In honor of Mel Brooks voicing the role of Count Dracula’s father in the upcoming Hotel Transylvania 2, I thought I would blog about one of his earlier horror comedies, Young Frankenstein. This take on the classic horror novel is about Dr. Fredrick Frankenstein (Gene Wilder), the grandson of the original mad scientist, resuming his grandfather’s experiment in reanimating the dead.
At first Dr. Frankenstein is against the idea and prefers that his name be pronounced “Fronkensteen”. I remember when I saw this movie years ago, I didn’t understand why that was. Now I see that it’s because the doctor wanted nothing to do with his family’s heritage.
Of course, fate would have it that Dr. Frankenstein inherited his great grandfather’s castle in Transylvania. Upon arrival the doctor meets Igor (Marty Feldman), who pronounces his name “Eye-gore”. Unlike other versions of Igor, this one doesn’t talk with a creepy slur and is a total goofball. His antics leave me laughing.
Dr. Frankenstein also has a lab assistant named Inga (Teri Garr). She has her funny moments too, like when the two of them find a secret passage in a bookcase. It’s hilarious when they struggle with the sensitive candle trigger while shouting, “Put the candle back!”
Inga eventually becomes Dr. Frankenstein’s love interest even though he’s already engaged to Elizabeth (Madeline Khan) a tightly wound socialite. Although Elizabeth is devoted to him, she keeps resisting his advances as though she’s taking full control of the relationship. It certainly makes you think.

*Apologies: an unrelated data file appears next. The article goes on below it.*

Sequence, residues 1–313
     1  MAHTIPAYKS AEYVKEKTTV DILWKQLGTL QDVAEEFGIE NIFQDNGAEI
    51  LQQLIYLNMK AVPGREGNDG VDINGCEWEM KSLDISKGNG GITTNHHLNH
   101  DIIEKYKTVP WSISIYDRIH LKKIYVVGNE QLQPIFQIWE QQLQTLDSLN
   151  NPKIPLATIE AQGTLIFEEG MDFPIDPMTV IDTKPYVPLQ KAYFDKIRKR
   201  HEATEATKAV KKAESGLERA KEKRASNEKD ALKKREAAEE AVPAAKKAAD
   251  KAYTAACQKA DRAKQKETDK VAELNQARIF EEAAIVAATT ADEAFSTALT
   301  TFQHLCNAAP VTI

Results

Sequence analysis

An interesting running gag involves the housekeeper Frau Blucher (Cloris Leachman). Whenever anyone says her name the horses get scared. Though the reason for that is not explained, it arouses suspicion.
Eventually, Dr. Frankenstein finds his grandfather’s journal and becomes so fascinated he decides to do the experiment to reanimate a corpse of a large criminal (Peter Boyle) that was just executed. Though it’s a success, the new monster has a huge fear of fire. What I don’t understand is why no one caught on to that.
Part of that might have also had to do with the brain Igor picked out. A classic highlight includes when he mentions that the brain was from someone named Abbey Normal, even though it was really labeled “Abnormal”.
Another classic item is when Dr. Frankenstein and the monster perform Puttin’ on the Ritz. This movie was when I heard that song for the very first time, believe it or not.
Though I must point out that Young Frankenstein is a bit darker than some of the other Mel Brooks classics like Spaceballs, High Anxiety, Robin Hood: Men in Tights, and Dracula: Dead and Loving it and that this is one of few films that Mel Brooks directed that he isn’t actually in. However, it’s certainly a good one just the same.